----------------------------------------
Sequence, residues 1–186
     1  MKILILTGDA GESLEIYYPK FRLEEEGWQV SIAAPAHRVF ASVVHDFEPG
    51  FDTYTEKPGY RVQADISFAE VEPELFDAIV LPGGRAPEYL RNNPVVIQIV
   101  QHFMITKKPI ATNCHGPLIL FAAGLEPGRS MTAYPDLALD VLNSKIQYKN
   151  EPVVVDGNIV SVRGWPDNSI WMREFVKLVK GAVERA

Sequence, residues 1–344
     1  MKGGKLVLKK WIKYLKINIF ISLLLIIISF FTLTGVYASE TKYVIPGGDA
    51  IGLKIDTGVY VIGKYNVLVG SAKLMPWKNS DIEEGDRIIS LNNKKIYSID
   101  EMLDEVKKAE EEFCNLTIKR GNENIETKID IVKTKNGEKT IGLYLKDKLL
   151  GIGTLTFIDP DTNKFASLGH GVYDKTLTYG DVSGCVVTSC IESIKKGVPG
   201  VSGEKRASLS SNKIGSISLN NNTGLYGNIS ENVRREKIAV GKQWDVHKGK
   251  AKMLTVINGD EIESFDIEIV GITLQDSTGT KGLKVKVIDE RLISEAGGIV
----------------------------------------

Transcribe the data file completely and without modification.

Sequence, residues 1–186
     1  MKILILTGDA GESLEIYYPK FRLEEEGWQV SIAAPAHRVF ASVVHDFEPG
    51  FDTYTEKPGY RVQADISFAE VEPELFDAIV LPGGRAPEYL RNNPVVIQIV
   101  QHFMITKKPI ATNCHGPLIL FAAGLEPGRS MTAYPDLALD VLNSKIQYKN
   151  EPVVVDGNIV SVRGWPDNSI WMREFVKLVK GAVERA

Sequence, residues 1–344
     1  MKGGKLVLKK WIKYLKINIF ISLLLIIISF FTLTGVYASE TKYVIPGGDA
    51  IGLKIDTGVY VIGKYNVLVG SAKLMPWKNS DIEEGDRIIS LNNKKIYSID
   101  EMLDEVKKAE EEFCNLTIKR GNENIETKID IVKTKNGEKT IGLYLKDKLL
   151  GIGTLTFIDP DTNKFASLGH GVYDKTLTYG DVSGCVVTSC IESIKKGVPG
   201  VSGEKRASLS SNKIGSISLN NNTGLYGNIS ENVRREKIAV GKQWDVHKGK
   251  AKMLTVINGD EIESFDIEIV GITLQDSTGT KGLKVKVIDE RLISEAGGIV